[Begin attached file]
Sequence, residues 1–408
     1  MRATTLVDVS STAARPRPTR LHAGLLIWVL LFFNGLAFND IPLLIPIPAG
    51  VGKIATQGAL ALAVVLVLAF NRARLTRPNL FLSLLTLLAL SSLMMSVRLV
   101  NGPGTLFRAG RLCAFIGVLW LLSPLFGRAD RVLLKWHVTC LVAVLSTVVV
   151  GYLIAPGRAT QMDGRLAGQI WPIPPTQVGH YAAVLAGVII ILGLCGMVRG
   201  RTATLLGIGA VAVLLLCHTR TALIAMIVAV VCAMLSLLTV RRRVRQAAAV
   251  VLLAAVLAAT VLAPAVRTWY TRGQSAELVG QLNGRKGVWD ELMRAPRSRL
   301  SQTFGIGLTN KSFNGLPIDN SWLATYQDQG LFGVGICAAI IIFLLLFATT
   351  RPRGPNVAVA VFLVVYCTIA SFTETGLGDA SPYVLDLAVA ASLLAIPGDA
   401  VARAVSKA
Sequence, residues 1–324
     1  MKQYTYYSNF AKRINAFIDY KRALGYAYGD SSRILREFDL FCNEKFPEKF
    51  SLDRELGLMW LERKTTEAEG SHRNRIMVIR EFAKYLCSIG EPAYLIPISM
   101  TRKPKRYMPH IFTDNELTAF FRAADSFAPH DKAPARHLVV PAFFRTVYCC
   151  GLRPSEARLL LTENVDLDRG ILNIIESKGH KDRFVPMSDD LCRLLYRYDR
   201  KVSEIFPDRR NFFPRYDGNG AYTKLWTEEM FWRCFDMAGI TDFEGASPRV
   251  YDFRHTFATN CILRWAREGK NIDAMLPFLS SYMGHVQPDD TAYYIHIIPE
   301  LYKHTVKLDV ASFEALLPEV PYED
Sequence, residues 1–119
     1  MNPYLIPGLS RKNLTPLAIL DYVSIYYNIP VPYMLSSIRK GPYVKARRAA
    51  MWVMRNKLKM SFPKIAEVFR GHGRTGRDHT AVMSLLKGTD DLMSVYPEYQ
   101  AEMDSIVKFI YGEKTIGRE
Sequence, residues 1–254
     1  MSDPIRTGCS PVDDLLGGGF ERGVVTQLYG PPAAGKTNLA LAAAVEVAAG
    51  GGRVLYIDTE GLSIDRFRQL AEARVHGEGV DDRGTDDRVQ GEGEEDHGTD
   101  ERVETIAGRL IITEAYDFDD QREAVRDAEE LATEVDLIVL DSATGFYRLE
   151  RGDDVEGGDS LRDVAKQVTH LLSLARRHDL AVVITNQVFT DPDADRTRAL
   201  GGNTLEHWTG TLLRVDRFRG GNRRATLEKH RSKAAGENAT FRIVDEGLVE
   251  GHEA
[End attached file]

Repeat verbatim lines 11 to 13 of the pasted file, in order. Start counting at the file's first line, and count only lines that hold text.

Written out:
Sequence, residues 1–324
     1  MKQYTYYSNF AKRINAFIDY KRALGYAYGD SSRILREFDL FCNEKFPEKF
    51  SLDRELGLMW LERKTTEAEG SHRNRIMVIR EFAKYLCSIG EPAYLIPISM